A Peek into Drayton Hall's Rooms
Step Inside an American Masterpiece
Great HallThe great hall served as a primary entertaining and welcoming space. The room is decorated in the Doric order: the pilasters are fluted and have plain capitals; there is a projecting cornice; and the frieze is decorated with massive egg-and-dart moldings, triglyphs, and metopes which are thought to be daisies and dogwood blossoms, variations of the lotus and thistle motif found in Palladio's designs and throughout antiquity. The fireplace mantle and overmantle were drawn almost directly from Plate 64 in The Designs of Inigo Jones, an influential book by the English architect William Kent. Designed by Kent himself for Robert Walpole's country house, Houghton Hall, the Drayton Hall overmantle is a less ornate replica of the marble original, executed in tulip poplar (also known as yellow poplar), even though the fox-head cartouche might easily be mistaken for a boar or another animal.
The symmetry of the great hall is disturbed on the fireplace wall by the inclusion of an additional wall panel to the left of the fireplace. Evidence in the basement suggests that at some time during the construction of the house, someone decided to make the great hall slightly larger, shifting the wall opposite the portico door back, and, hence, requiring the addition of a wall panel.
The plaster ceiling in the great hall is actually the third ceiling in that space. The first ceiling, undoubtedly an ornate and grand carved plaster ceiling, was replaced around 1800, probably because of structural problems caused by the replacement of the river-side wall. The decoration of the second ceiling was Federal in feel: a delicate arrangement of urns, garlands, and swags, as shown in the sketch by Lewis Reeves Gibbes. It, too, fell victim to structural problems and was replaced sometime around 1850 with the current ceiling, which is an antebellum cast plaster design of stars, leaves, and branches around a massive medallion.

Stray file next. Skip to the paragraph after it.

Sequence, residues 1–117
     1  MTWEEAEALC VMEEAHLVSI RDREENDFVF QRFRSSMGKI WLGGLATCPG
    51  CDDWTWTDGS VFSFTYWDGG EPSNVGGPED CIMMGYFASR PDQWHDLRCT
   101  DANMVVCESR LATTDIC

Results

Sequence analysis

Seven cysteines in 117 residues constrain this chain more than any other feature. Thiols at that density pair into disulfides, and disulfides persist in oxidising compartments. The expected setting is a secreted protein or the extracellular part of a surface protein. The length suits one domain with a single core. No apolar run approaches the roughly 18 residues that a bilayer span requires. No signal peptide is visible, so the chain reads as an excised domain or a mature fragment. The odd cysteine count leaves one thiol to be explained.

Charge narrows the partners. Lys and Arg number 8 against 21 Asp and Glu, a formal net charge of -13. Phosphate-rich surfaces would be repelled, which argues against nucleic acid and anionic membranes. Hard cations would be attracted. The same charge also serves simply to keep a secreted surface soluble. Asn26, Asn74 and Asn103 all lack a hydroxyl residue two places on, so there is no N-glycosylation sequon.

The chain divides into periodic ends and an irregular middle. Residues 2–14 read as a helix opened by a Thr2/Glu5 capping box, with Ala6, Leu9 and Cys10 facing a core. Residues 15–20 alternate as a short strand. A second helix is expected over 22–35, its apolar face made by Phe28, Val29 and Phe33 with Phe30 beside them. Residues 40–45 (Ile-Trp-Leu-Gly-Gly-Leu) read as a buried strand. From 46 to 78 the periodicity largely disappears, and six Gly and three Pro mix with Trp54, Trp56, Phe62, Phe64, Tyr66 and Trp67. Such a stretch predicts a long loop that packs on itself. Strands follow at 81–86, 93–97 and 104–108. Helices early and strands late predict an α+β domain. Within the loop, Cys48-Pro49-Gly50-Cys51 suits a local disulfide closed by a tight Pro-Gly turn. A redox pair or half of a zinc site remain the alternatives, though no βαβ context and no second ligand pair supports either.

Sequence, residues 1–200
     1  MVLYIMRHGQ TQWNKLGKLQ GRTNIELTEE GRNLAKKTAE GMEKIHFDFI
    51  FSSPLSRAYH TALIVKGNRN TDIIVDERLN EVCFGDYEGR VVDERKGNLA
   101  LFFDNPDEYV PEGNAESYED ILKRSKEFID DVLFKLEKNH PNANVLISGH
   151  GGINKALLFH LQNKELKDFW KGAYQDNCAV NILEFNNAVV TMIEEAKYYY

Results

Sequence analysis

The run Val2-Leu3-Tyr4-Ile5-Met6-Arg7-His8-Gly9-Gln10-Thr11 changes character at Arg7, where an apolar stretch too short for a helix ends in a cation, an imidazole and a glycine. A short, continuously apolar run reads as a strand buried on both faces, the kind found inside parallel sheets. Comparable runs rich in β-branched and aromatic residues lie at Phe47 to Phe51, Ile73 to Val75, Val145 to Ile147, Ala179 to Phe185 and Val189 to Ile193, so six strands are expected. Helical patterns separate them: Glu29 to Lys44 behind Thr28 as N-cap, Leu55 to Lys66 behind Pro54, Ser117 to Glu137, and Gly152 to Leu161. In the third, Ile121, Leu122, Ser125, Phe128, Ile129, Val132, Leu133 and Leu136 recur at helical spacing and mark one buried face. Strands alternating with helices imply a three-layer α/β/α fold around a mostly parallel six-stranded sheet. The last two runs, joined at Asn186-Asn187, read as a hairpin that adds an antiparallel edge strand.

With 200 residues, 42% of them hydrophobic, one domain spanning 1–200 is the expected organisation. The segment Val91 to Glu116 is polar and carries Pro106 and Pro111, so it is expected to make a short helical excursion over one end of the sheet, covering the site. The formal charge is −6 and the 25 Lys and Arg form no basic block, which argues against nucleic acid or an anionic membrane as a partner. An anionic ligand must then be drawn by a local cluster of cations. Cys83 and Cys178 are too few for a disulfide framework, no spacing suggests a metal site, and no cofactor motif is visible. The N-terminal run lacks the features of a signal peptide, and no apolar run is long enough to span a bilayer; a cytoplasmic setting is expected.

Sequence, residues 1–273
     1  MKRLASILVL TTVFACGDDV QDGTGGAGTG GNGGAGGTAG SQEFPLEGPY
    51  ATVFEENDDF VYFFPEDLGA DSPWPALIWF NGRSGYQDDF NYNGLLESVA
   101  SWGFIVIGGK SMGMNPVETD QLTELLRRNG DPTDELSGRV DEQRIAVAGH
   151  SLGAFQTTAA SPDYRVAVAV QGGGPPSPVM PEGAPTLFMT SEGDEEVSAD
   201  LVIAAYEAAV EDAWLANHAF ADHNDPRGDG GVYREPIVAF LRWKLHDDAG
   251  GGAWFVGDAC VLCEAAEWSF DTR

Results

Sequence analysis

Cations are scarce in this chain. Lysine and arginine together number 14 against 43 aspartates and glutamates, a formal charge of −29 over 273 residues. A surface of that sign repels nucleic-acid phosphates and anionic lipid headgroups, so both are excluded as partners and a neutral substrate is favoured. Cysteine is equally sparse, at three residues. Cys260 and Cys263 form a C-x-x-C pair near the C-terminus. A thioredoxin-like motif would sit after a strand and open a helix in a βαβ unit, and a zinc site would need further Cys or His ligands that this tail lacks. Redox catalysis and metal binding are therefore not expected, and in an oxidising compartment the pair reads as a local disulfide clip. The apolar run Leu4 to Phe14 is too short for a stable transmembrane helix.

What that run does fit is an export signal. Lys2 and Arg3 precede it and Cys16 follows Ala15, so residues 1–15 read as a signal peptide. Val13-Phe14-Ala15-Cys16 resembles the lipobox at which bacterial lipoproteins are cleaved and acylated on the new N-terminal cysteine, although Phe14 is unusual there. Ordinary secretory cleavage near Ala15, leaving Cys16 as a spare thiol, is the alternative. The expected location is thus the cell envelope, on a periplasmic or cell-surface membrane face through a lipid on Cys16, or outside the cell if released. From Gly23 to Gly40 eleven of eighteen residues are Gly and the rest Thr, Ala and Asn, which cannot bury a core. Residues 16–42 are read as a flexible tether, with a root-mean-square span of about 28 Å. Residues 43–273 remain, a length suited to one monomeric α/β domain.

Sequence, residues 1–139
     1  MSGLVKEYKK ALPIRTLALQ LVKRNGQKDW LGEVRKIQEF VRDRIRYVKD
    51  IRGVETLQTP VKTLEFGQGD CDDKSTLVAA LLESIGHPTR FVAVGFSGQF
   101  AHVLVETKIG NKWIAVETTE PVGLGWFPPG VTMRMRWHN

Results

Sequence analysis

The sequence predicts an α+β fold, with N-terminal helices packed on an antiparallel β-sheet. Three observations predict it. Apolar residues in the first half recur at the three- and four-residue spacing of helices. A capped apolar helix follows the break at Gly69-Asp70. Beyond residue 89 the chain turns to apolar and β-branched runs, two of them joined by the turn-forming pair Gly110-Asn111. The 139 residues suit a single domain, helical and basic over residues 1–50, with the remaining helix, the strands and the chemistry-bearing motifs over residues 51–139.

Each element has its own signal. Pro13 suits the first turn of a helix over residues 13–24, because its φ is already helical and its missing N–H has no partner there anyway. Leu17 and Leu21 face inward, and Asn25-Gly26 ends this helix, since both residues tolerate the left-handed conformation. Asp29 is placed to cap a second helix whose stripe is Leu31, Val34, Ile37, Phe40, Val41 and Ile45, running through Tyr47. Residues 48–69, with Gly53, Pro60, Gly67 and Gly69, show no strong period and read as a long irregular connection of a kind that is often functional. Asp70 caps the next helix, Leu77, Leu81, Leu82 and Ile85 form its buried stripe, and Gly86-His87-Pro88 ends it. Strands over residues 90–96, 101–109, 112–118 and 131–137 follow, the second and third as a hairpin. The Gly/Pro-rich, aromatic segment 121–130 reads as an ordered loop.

Withdrawing RoomThe mid-19th-century cast plaster ceiling in the great hall contrasts sharply with the original c. 1742 ceiling in the withdrawing room, an ornately decorated public space into which John Drayton's guests would have withdrawn for conversation, games, and other social interaction. This ceiling is the only complete example of the hand-molded and hand-carved plaster ceilings that surely must have been found in all of Drayton Hall's public spaces. The border design resembles 17th-century crewelwork, with meandering vines extending from handled urns at each corner. Drawn plaster moldings frame the border and the center medallion features ears of corn as the main decorative element. This hand-formed plaster ceiling is a rare 18th-century example and is one of only a handful that has survived in America.